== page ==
Since my injury, I have been focusing on building my strength and flexibility. This will hopefully make the recovery process easier as I strengthen the muscles in my legs, arms and core rather than losing muscle mass.
If you haven’t read my previous post ‘Coping with an Injury: Part I‘ then I recommend that you start there before reading this post. 🙂 In summary, I tore my Psoas muscle on the left side of my lower back/hip flexor approximately five weeks ago and it was a very difficult injury to recover from.
Stage 6: Assessing the Damage
As a person who is naturally impatient, it was very challenging to take a step back from my normal workout routine. I had to try certain exercises, assess the pain, and then figure out if I could continue or if it was too much. In week one, I could not walk without being in excruciating pain and discomfort. I even had to take paracetamol to sleep. I began with the cross trainer in week two. In week three, I began doing burpees, rowing, jumping jacks and body weight lunges. In week four, I began doing a lot of upper body weights, core work, and squats and lunges with a 10kg and 15kg bar. In week five, I increased to a 17.5kg bar and built up to the weights I was using before the injury. I added in leg extensions, jumping lunges, courtesy lunges, hip thrusters, dead lifts and then before I knew it, I was back to my normal routine with a little less of the explosive moves, but the normal weight. The best feeling was not having any pain. I felt strong again!
Stage 7: Helping Myself Heal
Thankfully, my medical insurance covered me for a consultation and six sessions with a physiotherapist. She has helped me cope with the injury both physically and mentally. She completely understood what I was going through and I trusted her more than I have ever trusted a medical professional in my life. She understood my fear of never being able to run again, my fear of gaining weight, my worries of not being able to exercise, and all of the emotional turmoil that came with such a complicated injury. From doing a lot of reading and research about nutrition and exercise as part of my own personal weight loss journey, I knew a few things could help speed up the healing process. First and foremost, a high-protein diet which wasn’t hard as I eat a lot of protein as it is! I also bought BCAAs and L-glutamine, which I took 3-4 times a week pre and post-workout to help my muscles heal and grow. Branched chain amino acids have been shown to help muscles repair. I figured it could only help, so why not? I took my regular supplements, which are: Omega-3 fish oil, Vitamin B complex, multi-vitamins, cranberry and a probiotic in the evening. Basically, filling myself with nutrients to try and heal as quickly as possible.
Stage 8: Unpleasant Side Effects
The worst side effect was the hormonal imbalances that I experienced during the few days following the injury. Going from vigorous workouts and exercise every morning to virtually zero exercise and constant pain wreaked havoc on my hormones. I felt deeply depressed. My stress levels sky-rocketed and I wasn’t sleeping well. My diet was horrendous. I binged on sweets, chocolate and all sorts of rubbish and did a lot of comfort eating. The guilt and depression following these binges was very hard to cope with. After doing some research, I bought a probiotic to try and help reduce the hormonal imbalance. Thankfully, my body is well on its way to getting re-balanced. However, the side effects of eating so much junk are- a lot of fat gain and a few lbs of weight gain. A frustrating set-back. This will take at least 2-4 weeks to fix, but it can be done. With a lot of commitment, motivation, and focus of course!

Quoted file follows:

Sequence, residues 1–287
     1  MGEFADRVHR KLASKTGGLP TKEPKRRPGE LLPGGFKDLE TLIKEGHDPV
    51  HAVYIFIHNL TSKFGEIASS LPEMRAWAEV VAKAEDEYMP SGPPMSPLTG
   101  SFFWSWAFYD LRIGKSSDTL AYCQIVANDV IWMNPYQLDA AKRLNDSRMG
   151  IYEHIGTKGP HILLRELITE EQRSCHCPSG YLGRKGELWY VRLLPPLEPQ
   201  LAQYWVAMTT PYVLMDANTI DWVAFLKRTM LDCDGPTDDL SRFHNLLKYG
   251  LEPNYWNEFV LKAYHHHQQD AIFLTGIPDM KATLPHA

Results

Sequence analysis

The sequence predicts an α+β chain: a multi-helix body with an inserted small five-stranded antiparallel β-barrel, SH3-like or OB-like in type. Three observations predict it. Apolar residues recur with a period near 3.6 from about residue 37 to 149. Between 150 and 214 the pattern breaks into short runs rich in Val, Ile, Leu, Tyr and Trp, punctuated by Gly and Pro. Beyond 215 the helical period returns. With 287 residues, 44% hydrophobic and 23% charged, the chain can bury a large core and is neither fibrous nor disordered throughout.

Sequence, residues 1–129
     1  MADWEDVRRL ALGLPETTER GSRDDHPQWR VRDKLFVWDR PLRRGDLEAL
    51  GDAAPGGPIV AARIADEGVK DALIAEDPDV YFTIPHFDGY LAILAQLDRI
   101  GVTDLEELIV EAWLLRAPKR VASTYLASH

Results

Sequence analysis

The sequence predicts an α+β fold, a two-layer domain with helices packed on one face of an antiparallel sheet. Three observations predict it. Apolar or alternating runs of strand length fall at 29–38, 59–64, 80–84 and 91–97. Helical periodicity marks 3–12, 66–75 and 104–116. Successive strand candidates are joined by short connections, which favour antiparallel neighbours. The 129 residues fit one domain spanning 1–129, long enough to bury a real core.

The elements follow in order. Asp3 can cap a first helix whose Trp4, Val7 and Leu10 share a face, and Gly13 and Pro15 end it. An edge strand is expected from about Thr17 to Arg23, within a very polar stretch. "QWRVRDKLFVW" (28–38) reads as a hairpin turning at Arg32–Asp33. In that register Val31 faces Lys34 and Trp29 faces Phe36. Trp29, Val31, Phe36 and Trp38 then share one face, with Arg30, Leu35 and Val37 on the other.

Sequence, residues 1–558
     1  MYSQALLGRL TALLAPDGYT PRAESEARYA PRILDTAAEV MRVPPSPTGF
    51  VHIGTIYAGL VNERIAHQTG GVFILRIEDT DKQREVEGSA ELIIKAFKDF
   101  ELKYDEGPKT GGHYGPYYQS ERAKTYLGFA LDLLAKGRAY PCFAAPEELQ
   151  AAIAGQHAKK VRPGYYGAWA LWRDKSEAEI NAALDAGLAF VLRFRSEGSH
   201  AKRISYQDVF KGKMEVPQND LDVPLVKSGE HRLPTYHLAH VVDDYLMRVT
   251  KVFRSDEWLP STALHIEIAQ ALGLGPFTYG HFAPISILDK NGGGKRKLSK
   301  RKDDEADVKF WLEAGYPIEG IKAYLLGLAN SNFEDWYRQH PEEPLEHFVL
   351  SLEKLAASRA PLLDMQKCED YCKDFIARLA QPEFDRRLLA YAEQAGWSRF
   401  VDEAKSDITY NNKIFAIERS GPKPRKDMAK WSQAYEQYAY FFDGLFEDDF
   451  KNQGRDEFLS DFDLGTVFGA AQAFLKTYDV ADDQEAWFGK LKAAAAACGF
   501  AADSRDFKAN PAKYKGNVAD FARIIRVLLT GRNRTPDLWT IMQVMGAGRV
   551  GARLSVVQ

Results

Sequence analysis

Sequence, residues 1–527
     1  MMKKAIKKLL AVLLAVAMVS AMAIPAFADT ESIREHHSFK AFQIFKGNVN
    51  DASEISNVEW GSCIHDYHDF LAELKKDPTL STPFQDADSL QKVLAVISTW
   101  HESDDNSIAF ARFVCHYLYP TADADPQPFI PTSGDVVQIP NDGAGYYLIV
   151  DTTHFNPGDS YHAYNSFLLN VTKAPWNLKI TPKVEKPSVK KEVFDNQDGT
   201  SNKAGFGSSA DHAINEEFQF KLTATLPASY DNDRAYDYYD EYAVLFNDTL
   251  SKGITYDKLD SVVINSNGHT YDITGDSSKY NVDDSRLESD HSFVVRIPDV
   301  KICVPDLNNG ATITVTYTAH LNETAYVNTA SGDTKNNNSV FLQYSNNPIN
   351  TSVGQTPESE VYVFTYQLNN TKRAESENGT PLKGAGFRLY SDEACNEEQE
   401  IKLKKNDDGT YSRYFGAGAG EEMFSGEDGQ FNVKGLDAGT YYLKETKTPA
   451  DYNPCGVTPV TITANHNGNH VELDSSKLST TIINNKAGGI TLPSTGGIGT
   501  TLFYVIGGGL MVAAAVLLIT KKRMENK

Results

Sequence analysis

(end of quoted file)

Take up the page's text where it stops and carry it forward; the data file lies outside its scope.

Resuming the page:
Stage 9: Baby Steps
Last weekend, I ran a 5K and only with mild discomfort. On Friday, I ran 8Km and felt absolutely fine. Yesterday, I ran 7.5Km and felt great! Today, I walked 16.5 Miles in total (all over London) and my hamstrings and calves are pretty fatigued, but mentally, I feel fantastic! I am starting to feel like myself again. This week, my goal is to work out for at least 30 minutes every day. I am not going to run every day because I know that this could risk irritating the injury or causing another injury. Although I feel like I “could” run a 10K every day, it doesn’t mean that I should. I need to take this one day at a time and really listen to my body rather than pushing it over its limits. But I feel like I am finally getting back to normal and I am so thankful that my injury is healing so well. I am so thankful that I can run again. I feel so thankful for my health. This experience has made me very aware of how important my health is to me. In fact, it’s probably the single most important thing in my life!
Stage 10: Moving Forward and Key Lessons
Moving forward, I am so much more focused on strength and flexibility rather than absolutely hammering my body in the gym until it is completely fatigued. I am making a promise to myself that I will stretch after every workout and use the steam room at my gym as often as I can. I will push my body and challenge myself but not punish it. And when I do push it to its limits, I will reward it with a massage or a spa treatment or something nice to show it some love! I will make sure to balance weight training with cardio, not doing too much of one or the other but equal amounts of both.
In the past twelve months, I have completed a Masters degree, been through a break-up, moved to a new city, started a new job, and I would truly say that this injury has been the most difficult thing I have had to deal with this year. It has been a physical and mental battle but I feel that I have learned a lot throughout the process. To my friends and family, if you are reading this, thank you for putting up with my constant moaning and my (virtually menopausal) emotional rollercoaster. I am hoping that it is onward and upward from here.